Friday, April 8, 2016

Alex Rindskopf - Strange Cycle




At Hoodbush 2014, I remember walking up the hill to check out the plethora of bikes that were being entered into the best in show contest. All I could remember is one of the first bikes to grab my attending was Alex Rindskopf's wild, skinny, mean, and low CB750 chopper. From afar it resembled a few bikes I was already a fan of, but then when I got a closer glance, that was the farthest from the truth. Tons of intricate details and fab work went into the frame, fender, seat and bars just to name a few things. The bike had style for days and that also can be said about any bike that comes out of Strange Cycle's Shop. Moving from IL to set up shop here in Cleveland, it was a no brainer to invite him to show off one of his newest creations at Fuel Cleveland on May 28th. I sat down with Alex a few weeks ago and asked him some questions about his thoughts of Cleveland, where the name Strange Cycle comes from and what new projects he has up his sleeve, enjoy!



-Mikey Revolt



Photo by: Ken Carvajal






Alex Rindskopf, where do you call home?

A: My hometown is Lake Villa, IL - a small town an hour directly north of Chicago. I spent the first 31 years of my life there, and it was a great town to grow up in. Lots of fields and woods nearby, and my friends and I grew up crashing and fixing all kinds of things like dirtbikes and smowmobiles. It's always home to me.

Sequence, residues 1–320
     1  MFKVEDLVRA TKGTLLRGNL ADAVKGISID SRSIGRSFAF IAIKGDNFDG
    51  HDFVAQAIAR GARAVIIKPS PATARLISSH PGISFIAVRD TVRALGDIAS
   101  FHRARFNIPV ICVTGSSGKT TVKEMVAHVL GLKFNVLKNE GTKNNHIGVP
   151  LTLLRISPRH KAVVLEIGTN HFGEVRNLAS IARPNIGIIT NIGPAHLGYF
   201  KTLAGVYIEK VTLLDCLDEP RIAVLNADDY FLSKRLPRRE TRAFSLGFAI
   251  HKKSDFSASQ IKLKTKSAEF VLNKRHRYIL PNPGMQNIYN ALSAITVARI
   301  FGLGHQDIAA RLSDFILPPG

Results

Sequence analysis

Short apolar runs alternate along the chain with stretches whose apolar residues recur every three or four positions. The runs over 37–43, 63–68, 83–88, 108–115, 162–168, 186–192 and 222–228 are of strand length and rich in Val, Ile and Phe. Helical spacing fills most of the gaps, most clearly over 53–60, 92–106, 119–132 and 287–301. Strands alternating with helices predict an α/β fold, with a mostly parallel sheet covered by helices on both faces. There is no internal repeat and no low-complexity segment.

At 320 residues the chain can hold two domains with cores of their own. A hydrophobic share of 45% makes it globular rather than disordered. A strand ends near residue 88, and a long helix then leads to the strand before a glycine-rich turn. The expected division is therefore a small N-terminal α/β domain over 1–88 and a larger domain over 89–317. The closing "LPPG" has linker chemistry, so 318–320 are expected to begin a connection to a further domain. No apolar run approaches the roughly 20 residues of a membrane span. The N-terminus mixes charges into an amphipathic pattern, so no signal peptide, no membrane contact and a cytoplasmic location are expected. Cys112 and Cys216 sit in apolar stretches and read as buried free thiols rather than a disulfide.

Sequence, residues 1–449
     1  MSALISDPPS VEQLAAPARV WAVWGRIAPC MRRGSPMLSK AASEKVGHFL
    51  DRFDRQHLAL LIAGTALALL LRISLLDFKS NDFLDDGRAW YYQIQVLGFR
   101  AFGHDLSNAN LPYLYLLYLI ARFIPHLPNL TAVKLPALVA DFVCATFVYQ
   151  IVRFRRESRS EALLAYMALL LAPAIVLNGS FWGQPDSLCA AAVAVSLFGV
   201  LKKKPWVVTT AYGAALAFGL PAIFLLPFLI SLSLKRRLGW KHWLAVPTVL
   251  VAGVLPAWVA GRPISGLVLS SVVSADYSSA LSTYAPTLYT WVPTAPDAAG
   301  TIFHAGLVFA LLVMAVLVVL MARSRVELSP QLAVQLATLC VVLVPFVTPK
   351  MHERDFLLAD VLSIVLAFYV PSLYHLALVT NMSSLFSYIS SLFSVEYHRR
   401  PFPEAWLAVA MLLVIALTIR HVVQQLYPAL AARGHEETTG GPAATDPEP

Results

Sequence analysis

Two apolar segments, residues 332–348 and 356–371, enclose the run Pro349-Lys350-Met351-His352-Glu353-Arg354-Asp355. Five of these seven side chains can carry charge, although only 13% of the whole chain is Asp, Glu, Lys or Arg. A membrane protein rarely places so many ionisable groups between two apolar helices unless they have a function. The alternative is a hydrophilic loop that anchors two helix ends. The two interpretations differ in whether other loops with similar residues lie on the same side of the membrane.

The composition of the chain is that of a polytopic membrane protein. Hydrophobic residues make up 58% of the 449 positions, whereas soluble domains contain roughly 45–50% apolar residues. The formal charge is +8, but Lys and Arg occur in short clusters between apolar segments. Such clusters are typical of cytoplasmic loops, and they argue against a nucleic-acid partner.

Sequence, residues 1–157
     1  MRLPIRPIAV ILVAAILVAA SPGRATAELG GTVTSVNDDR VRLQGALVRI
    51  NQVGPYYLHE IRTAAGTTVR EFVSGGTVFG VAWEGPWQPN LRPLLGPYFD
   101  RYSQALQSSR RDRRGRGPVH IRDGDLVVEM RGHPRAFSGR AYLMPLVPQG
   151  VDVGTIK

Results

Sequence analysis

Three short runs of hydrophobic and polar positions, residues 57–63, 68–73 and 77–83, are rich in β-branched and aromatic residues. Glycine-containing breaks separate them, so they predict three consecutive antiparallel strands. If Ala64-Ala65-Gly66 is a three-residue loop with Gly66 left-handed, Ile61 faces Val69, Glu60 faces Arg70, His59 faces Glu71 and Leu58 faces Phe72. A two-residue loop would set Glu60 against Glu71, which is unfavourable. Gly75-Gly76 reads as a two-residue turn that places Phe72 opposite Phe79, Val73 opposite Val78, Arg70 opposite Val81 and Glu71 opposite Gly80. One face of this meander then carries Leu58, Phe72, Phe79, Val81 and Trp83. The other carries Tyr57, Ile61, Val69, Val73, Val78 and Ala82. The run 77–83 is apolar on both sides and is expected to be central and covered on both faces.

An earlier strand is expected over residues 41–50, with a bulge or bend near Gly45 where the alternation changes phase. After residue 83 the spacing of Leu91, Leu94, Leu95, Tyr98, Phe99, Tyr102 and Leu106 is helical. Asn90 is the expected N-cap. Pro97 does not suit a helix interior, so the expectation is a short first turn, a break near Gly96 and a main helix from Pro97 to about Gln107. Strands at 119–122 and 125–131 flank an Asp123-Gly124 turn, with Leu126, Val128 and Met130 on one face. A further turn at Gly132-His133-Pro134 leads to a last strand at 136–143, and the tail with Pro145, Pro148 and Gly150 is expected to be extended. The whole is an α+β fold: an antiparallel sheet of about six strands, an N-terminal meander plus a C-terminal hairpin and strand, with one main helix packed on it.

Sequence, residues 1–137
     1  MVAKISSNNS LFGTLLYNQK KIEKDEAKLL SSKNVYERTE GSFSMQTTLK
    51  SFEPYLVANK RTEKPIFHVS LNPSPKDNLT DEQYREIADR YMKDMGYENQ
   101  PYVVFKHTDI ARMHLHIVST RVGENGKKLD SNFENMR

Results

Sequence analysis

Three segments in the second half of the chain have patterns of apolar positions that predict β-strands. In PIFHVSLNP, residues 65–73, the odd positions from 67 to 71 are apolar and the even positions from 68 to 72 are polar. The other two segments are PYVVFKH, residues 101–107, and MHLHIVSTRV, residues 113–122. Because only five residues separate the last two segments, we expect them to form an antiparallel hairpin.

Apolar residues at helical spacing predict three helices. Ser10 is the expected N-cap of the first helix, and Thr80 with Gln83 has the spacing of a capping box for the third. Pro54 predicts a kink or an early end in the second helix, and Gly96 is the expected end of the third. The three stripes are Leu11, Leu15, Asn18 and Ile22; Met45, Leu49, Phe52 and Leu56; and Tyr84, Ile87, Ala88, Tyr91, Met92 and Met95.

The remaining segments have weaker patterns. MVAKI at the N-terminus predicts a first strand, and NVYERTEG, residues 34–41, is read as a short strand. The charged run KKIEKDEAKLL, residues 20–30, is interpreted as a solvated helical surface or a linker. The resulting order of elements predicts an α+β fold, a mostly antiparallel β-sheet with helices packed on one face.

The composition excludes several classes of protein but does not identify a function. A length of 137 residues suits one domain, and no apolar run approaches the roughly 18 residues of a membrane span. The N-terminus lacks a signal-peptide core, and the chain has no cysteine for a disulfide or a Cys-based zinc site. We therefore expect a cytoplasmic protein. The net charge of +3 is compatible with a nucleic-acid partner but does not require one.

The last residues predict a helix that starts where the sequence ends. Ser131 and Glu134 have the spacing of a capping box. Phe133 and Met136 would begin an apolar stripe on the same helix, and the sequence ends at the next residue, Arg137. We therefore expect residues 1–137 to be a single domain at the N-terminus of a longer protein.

Since moving to Cleveland, what have been some of your favorite things about the city?

A: Since moving to Cleveland, many things have become favorites. The food here is so diverse, and I found so many places to eat something different, and they quickly became spots to go to on the regular. I made good friends with so many awesome people right off the bat, and I have had tons of support since the day I moved into my shop. I love urban decay and there are certain parts of the city that still show evidence of what was once here. Old industry, steel, manufacturing, railways, we have it all here. It still is a very productive city, and I love that.

Where does the name, Strange Cycles come from?

A: The name Strange Cycle...when it gets boring and stale, ya gotta go out and get some Strange.



What are some things you specialize in at your shop?

A: I build custom parts in a unique way, and where possible, I avoid a welded joint and forge a part from a single piece. Forged steel parts are the strongest and last the longest. Brackets, sissy bars, handlebars, seat pans, and many more parts are made this way at Strange Cycle. Frame modification, repair, and restoration are also services offered, and I take pride in the meticulous quality that goes into every job. 

Photo by: Ken Carvajal



What started the love for motorcycles for you and when did that love turn into modifying your own bikes, and then to full out building your own motorcycles?